An incredible image was captured that shows the entire dark side of the Moon as well as Earth in the distance. Since we can’t see the dark side of the Moon from here on Earth, this is one spectacular photo to say the least.
The image was captured on February 3rd by a team of radio amateurs who were using the Chinese Longjiang-2 satellite. Once they took the picture, they downloaded it with the Dwingeloo Radio Telescope which is located in the Netherlands. The team, which is led by Harbin Institute of Technology, sent twin micro-satellites into space last spring along with China’s Queqiao satellite.
After a quiet period in order to prevent interfering with the Chang’e 4 Lunar landing, the satellite started up again on January 13th. Then on February 3rd, the team sent a command to start taking pictures and that’s when they noticed that Earth, as well as the entire dark side of the moon, were seen together.
In a blog post, astronomer Cees Bassa wrote, “The first image from this time-lapse was downloaded with the Dwingeloo telescope on February 4, 2019. For the first time, the entire Moon and Earth are in view.” In previous photos, they were able to get images of Earth but only a portion of the moon, that’s why this photograph of the both of them is so stunning.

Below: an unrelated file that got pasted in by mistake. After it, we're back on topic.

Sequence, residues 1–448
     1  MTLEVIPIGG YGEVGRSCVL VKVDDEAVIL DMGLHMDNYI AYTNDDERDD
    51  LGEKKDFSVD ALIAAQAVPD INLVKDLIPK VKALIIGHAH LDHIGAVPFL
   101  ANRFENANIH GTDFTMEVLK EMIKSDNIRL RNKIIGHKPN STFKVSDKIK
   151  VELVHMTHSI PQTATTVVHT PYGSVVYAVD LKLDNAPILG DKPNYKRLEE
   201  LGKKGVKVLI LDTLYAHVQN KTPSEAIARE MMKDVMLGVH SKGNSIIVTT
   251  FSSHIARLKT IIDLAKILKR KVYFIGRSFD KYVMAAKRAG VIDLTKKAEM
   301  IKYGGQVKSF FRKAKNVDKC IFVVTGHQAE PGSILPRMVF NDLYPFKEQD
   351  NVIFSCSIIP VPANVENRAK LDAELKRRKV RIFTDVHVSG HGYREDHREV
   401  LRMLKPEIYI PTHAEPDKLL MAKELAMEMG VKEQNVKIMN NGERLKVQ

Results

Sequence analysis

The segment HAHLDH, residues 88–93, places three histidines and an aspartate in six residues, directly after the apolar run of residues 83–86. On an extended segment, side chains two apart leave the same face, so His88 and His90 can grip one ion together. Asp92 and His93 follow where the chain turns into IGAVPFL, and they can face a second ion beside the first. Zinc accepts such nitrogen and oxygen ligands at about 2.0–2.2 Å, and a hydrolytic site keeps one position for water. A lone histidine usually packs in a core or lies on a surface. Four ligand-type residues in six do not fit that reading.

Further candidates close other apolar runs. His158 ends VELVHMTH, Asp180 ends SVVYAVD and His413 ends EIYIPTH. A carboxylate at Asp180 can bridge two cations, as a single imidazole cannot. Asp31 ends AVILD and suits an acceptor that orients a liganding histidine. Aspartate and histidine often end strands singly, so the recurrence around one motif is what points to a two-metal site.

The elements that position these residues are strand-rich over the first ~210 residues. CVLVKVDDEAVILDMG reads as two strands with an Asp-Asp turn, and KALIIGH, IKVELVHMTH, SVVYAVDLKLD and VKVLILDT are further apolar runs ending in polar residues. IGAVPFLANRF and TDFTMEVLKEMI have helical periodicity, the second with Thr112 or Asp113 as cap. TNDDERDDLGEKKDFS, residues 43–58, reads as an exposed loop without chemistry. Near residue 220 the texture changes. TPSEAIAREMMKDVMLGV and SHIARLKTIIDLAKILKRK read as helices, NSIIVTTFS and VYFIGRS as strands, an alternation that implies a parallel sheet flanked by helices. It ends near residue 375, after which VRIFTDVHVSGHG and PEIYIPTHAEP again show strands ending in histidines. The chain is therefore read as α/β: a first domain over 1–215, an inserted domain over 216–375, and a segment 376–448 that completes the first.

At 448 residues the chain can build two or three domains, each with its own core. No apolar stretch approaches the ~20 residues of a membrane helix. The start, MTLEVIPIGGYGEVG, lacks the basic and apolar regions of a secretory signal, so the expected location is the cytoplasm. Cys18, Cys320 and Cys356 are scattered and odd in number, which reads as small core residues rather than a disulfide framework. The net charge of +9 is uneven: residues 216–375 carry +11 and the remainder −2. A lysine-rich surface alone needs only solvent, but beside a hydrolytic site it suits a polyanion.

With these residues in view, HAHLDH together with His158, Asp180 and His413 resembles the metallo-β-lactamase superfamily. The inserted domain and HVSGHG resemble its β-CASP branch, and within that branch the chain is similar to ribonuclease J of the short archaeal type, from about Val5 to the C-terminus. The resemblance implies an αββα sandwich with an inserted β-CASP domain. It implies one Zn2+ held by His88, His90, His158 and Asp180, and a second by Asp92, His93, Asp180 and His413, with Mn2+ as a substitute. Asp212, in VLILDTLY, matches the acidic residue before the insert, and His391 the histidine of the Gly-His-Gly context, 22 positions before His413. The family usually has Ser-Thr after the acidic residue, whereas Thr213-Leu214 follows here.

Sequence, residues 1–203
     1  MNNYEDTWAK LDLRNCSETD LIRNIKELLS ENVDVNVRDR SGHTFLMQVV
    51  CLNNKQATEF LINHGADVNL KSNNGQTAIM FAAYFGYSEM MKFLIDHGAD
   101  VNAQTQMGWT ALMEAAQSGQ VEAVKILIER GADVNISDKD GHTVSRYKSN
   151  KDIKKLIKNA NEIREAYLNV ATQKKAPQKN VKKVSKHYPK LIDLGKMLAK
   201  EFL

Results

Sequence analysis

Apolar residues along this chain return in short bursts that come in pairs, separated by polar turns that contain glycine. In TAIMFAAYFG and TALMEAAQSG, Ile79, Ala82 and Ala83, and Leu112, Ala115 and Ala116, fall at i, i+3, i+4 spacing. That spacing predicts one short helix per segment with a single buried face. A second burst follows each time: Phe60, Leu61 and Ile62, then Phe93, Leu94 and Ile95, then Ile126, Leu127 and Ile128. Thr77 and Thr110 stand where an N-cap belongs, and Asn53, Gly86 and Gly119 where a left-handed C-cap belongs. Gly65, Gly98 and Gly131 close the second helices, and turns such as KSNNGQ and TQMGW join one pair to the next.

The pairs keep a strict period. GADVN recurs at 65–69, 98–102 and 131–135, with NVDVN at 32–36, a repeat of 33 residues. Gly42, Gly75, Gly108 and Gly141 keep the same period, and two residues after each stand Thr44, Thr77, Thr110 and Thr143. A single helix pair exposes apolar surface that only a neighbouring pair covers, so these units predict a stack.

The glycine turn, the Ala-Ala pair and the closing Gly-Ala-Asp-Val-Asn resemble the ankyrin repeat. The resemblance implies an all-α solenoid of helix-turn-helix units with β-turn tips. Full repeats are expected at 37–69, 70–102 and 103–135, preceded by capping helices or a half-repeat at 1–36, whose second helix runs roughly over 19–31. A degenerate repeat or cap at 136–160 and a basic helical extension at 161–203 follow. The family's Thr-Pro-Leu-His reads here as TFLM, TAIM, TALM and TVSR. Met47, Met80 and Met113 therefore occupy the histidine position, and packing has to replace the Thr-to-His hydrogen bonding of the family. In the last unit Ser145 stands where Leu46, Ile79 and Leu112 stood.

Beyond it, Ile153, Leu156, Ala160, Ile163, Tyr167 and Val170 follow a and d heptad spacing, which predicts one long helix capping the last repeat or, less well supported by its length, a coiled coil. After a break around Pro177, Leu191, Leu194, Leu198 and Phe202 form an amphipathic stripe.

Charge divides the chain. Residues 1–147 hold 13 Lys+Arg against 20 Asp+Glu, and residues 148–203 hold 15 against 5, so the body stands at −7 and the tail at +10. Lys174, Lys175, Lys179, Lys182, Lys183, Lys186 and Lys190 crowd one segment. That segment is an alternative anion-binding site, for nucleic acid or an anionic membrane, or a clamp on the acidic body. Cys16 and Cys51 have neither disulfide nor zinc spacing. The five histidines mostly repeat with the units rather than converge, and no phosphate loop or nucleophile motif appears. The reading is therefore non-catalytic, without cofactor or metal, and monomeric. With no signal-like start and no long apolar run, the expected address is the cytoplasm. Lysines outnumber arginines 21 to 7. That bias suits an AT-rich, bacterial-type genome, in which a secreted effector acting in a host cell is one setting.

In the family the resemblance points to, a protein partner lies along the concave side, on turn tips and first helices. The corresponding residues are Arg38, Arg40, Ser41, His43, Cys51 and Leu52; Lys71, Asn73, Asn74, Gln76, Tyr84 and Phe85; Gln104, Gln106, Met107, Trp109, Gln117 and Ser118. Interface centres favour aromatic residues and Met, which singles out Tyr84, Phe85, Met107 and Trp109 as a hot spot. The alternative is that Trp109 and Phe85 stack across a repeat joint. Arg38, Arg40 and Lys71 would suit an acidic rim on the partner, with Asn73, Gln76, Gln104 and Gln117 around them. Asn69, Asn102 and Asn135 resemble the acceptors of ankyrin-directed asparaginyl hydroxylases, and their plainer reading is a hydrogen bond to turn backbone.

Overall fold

The team explained that it’s an exhausting and very carefully planned procedure to set up the shots and receive the data from them. But it’s definitely worth it when they capture a picture like the one they took on February 3rd.
It’s only been in the past several decades that humans have seen for the first time the dark side of the Moon. Since it always faces away from Earth, nobody has seen it except for a very lucky few. In fact, it was only in 1959 that the Soviet Luna 3 spacecraft took the first pictures of the far side of the Moon. And it took another nine years, in 1968, before astronauts on the Apollo 8 spacecraft became the first ever humans to see its far side when they were orbiting our Moon. Then just this year, on January 2, 2019, China’s Chang’e 4 became the first spacecraft to touch down on the lunar’s far side.